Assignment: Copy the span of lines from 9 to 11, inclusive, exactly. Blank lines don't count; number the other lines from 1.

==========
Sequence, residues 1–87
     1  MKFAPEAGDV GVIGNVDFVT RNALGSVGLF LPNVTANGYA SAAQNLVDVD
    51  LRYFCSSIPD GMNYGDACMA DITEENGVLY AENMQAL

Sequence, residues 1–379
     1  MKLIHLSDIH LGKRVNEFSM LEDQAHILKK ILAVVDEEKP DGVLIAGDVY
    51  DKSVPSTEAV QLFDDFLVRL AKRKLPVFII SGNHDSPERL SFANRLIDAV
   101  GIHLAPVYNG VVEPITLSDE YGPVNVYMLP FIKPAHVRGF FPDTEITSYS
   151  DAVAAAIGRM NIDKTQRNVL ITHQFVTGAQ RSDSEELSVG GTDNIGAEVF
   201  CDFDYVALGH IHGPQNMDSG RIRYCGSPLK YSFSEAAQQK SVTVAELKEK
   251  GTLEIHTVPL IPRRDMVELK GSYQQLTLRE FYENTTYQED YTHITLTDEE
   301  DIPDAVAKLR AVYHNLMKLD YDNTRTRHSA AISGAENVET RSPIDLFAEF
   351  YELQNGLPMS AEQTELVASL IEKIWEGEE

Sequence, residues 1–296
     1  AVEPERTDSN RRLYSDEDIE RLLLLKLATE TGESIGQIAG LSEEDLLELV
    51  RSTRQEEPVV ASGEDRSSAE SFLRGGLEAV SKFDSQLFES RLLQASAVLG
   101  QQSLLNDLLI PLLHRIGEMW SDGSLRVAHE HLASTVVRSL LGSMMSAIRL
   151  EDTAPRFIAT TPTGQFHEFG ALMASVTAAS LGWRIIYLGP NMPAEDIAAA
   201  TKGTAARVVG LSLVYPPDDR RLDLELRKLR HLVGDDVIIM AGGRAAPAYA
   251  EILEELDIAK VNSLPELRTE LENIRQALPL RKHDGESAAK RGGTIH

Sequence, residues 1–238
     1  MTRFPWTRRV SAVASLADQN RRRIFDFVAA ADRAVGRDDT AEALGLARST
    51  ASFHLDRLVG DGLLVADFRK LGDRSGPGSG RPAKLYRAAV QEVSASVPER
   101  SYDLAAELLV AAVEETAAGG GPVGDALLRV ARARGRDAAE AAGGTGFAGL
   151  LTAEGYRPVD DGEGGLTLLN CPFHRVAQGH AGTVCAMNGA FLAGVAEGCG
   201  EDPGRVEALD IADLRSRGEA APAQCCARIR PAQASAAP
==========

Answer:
   201  CDFDYVALGH IHGPQNMDSG RIRYCGSPLK YSFSEAAQQK SVTVAELKEK
   251  GTLEIHTVPL IPRRDMVELK GSYQQLTLRE FYENTTYQED YTHITLTDEE
   301  DIPDAVAKLR AVYHNLMKLD YDNTRTRHSA AISGAENVET RSPIDLFAEF